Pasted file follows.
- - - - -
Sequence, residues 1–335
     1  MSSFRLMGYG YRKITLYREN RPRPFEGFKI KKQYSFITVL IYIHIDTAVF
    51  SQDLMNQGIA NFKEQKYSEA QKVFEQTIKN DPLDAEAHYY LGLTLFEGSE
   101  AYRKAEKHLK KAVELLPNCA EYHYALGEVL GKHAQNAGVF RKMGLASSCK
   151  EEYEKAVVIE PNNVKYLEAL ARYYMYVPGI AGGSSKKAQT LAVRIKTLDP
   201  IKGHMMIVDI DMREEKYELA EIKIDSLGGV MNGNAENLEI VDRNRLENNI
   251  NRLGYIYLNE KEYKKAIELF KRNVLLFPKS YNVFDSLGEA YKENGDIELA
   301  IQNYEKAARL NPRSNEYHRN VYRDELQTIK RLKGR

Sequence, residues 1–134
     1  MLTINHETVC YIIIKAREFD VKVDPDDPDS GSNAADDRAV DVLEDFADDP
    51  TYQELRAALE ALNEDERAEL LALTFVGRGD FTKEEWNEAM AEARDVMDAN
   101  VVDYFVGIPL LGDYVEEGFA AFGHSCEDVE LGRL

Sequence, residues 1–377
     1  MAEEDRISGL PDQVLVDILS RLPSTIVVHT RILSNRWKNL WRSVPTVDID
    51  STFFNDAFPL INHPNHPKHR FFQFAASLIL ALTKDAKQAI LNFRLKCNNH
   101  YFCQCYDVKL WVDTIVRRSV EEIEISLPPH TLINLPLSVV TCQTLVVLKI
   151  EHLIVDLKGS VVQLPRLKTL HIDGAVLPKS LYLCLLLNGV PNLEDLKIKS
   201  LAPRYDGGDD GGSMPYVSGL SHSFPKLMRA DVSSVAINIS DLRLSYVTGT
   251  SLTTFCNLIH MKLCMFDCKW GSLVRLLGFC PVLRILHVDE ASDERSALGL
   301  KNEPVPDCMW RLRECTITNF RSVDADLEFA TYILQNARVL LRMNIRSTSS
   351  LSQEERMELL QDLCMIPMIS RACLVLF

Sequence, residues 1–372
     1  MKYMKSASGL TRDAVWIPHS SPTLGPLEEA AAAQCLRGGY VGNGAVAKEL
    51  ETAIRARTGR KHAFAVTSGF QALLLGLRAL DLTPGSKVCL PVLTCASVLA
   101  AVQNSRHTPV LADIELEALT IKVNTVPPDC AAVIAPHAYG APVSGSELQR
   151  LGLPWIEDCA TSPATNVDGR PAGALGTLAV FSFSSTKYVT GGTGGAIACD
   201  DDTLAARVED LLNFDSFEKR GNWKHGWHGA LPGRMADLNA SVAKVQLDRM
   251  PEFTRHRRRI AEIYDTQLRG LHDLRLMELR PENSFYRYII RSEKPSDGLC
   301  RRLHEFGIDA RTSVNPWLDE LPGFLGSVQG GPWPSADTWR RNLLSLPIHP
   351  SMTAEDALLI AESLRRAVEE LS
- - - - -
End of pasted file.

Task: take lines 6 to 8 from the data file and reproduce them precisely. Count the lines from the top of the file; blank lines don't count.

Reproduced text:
   201  IKGHMMIVDI DMREEKYELA EIKIDSLGGV MNGNAENLEI VDRNRLENNI
   251  NRLGYIYLNE KEYKKAIELF KRNVLLFPKS YNVFDSLGEA YKENGDIELA
   301  IQNYEKAARL NPRSNEYHRN VYRDELQTIK RLKGR